All That and a Bag of Mail

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US golfer Tiger Woods watches his shot from the 4th tee during his first round on the opening day of the 2015 British Open Golf Championship on The Old Course at St Andrews in Scotland, on July 16, 2015. Conditions were perfect for low-scoring out on the Old Course on the first morning as play began, though Woods is already in danger of missing the cut for the second straight major after June’s US Open, being nine shots off the lead having played just six holes. AFP PHOTO / GLYN KIRK (Photo credit should read GLYN KIRK/AFP/Getty Images) GLYN KIRK

It’s Friday, time for the mailbag. 

And while I promise you there are boobs coming at the end of this meditation, I’m going to write some about when I think someone’s sex life should be a story. Because, God knows, if there’s anyone who is an expert on the media ethics of sex, it’s Outkick the Coverage. 

Our beaver pelt trader of the week is Colin Cowherd, who is leaving ESPN and headed to Fox. He’s going to be a great addition for us and I’m excited to get our new programming rolling out. You guys are going to enjoy it.  

Okay, here we go with the mailbag. 

Several of you emailed or Tweeted about the Gawker controversy over a post where they outed a married father of three attempting to arrange a sexual encounter with a gay porn star.

You can read the story or not, but the details you need to know are these: 1. the man isn’t really famous, but he’s the brother of a kind of famous person if you like political appointees a ton. 2. he’s a straight man with a family, but he was seeking gay sex 3. he was being extorted by the gay porn star and did nothing wrong. 4. Gawker gave anonymity to the gay porn star and published their text message exchange. 

This is a big story because increasingly we have limited the zone of privacy we give to everyone in our modern era. It raises a fascinating series of questions beginning with what is and what is not a story when it comes to sex?

I’ve been thinking about this question for a while, and last fall I read a great book about Gary Hart and how the lurid coverage of his potential affair with a younger woman turned into a feeding frenzy and altered the acceptable rules of how the media cover politicians sex lives. I’d encourage you all to read this book. Gary Hart led to an era where it’s accepted by many that if a politician cheats on his wife or husband, it’s a story. 

But should it be?

I don’t think so. Put simply, I don’t care whether a politician is a good husband or a good wife, I care about how he is on his job. Think about it this way, if you’re about to go under the knife for open heart surgery, do you want the doctor who is the best at open heart surgery but has screwed half the nurses in the hospital or the great husband who is more likely to kill you on the operating table? If Barack Obama or Bill Clinton or George W. Bush or Hillary Clinton would be a better president with a harem of sexual providers, I’m all for it.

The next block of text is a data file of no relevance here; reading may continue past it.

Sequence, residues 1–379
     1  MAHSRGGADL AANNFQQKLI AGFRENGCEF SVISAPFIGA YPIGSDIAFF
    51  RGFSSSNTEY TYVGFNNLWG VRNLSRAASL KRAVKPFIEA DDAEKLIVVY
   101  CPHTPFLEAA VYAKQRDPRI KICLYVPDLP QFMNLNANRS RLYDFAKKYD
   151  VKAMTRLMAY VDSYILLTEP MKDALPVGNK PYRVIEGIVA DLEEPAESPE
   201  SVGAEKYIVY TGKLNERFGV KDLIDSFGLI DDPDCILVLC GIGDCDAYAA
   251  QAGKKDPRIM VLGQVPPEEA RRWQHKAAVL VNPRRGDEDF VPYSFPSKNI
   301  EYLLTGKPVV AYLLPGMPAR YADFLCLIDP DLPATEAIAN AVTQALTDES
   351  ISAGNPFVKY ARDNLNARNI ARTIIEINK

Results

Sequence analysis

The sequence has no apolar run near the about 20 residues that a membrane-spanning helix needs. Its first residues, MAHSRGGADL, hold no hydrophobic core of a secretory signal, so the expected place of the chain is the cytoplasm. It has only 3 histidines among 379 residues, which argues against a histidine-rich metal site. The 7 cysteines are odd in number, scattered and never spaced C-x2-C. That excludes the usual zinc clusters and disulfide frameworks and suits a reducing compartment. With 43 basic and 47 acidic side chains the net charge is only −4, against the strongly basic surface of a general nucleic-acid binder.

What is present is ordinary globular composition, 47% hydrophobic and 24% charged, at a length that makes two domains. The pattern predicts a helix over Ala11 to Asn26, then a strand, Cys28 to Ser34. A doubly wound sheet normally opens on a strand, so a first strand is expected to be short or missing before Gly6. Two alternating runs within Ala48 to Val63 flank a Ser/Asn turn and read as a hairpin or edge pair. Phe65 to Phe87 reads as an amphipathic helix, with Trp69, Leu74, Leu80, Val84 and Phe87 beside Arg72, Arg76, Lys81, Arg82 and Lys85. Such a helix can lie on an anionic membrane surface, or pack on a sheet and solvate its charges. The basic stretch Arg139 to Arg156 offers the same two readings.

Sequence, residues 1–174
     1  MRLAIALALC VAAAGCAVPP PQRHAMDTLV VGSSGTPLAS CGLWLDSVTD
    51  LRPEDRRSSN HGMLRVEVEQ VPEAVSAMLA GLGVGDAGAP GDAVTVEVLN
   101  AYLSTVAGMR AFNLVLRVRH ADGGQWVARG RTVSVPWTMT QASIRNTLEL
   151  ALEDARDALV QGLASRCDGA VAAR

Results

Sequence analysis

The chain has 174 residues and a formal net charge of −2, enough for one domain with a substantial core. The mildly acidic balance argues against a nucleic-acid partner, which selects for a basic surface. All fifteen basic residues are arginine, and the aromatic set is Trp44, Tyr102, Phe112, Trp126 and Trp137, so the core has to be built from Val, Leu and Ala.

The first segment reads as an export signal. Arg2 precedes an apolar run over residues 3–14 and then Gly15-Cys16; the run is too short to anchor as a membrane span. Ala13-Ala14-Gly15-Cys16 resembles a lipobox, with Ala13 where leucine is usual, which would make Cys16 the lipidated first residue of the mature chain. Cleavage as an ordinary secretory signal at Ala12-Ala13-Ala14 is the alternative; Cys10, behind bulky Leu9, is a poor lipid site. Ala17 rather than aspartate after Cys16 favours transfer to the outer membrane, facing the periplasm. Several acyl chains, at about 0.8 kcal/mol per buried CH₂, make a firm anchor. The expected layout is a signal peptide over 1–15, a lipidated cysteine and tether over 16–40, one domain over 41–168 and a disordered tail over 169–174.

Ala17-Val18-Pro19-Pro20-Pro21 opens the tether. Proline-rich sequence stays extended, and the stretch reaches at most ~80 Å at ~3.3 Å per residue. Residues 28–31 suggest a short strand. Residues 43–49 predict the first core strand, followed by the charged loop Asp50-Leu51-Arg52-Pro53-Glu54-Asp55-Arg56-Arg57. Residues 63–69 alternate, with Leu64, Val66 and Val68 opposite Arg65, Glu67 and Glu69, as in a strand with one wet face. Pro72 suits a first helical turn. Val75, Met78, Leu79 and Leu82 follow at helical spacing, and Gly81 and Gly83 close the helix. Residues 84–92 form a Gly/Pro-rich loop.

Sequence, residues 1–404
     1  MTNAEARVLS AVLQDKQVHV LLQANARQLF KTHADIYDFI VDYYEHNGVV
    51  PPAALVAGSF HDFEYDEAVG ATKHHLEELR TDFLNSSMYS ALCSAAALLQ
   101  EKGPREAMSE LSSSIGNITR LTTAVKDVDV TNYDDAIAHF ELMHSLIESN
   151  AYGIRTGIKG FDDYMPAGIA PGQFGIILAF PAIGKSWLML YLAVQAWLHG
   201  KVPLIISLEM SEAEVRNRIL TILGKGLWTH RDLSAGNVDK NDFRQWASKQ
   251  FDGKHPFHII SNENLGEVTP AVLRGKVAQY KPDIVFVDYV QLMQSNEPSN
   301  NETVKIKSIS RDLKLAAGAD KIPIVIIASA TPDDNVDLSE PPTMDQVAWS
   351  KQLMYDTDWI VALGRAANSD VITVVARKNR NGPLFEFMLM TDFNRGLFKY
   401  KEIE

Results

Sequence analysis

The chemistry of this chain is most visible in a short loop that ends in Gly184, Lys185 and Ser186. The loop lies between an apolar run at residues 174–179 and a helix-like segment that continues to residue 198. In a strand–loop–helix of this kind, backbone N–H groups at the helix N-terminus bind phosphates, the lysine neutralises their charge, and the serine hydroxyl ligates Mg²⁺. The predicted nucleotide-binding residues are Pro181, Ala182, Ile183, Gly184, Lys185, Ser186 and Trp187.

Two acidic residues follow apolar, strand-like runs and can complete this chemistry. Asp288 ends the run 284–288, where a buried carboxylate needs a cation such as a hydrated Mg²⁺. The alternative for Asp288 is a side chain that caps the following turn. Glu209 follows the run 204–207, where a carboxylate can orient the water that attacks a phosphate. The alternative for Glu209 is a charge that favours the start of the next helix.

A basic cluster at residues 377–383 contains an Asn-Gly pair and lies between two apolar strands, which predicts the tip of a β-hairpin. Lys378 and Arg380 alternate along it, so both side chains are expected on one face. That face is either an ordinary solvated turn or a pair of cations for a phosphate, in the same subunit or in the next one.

So if I’m for presidents being able to have private sexual lives then I’m certainly of the belief that a random guy’s pursuit of sex shouldn’t be a story. Especially not here, when Gawker gave anonymity to blackmailing escort and then allowed his blackmail threat to go public in a way he could never have done himself. I mean, that’s insanity. 

The irony of Gawker, frequently the leader of liberal Internet mobs, becoming the target of an Internet mob was downright revolutionary and hearkened back to Robespierre, the erstwhile leader of the French Revolution, being guillotined by his fellow revolutionaries. The mob also arrived on the same day that Deadspin put me in a Klan hat on their site, which, I’m pretty sure, makes me the first former editor to ever appear in a Klan site on a Gawker site he used to help run. What can I say, I break barriers. 

Many readers and media focused on the fact that this was an “outing” and felt that the story was particularly troubling for that reason. But why does whether the sex here would have been gay or straight matter? Would it have been any more of a story if the guy had been arranging sex with a female prostitute? I don’t think so. The fall out in his own private life would have been just as difficult regardless of the sex of his partner. I don’t think many wives would react that well if your opening line was, “Honey, this could be much worse. I could have been trying to arrange sex with a gay prostitute instead of a straight one.” (Proving that men and women are different, if my wife confessed she’d secretly been corresponding with a female porn star for a lesbian sex encounter, I’d be pissed at her for not involving me as a birthday present, not because she did it.)